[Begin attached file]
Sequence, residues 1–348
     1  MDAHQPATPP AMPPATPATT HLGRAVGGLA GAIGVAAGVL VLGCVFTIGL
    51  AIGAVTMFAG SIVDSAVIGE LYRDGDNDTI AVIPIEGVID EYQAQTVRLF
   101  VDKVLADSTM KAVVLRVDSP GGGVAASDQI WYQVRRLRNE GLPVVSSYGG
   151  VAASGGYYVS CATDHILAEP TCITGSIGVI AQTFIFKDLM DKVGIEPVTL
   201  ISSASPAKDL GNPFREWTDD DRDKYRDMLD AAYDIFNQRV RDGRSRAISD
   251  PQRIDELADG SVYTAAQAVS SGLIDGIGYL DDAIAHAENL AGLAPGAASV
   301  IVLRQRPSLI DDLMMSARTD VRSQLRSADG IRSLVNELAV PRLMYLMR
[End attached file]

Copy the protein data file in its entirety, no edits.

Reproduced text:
Sequence, residues 1–348
     1  MDAHQPATPP AMPPATPATT HLGRAVGGLA GAIGVAAGVL VLGCVFTIGL
    51  AIGAVTMFAG SIVDSAVIGE LYRDGDNDTI AVIPIEGVID EYQAQTVRLF
   101  VDKVLADSTM KAVVLRVDSP GGGVAASDQI WYQVRRLRNE GLPVVSSYGG
   151  VAASGGYYVS CATDHILAEP TCITGSIGVI AQTFIFKDLM DKVGIEPVTL
   201  ISSASPAKDL GNPFREWTDD DRDKYRDMLD AAYDIFNQRV RDGRSRAISD
   251  PQRIDELADG SVYTAAQAVS SGLIDGIGYL DDAIAHAENL AGLAPGAASV
   301  IVLRQRPSLI DDLMMSARTD VRSQLRSADG IRSLVNELAV PRLMYLMR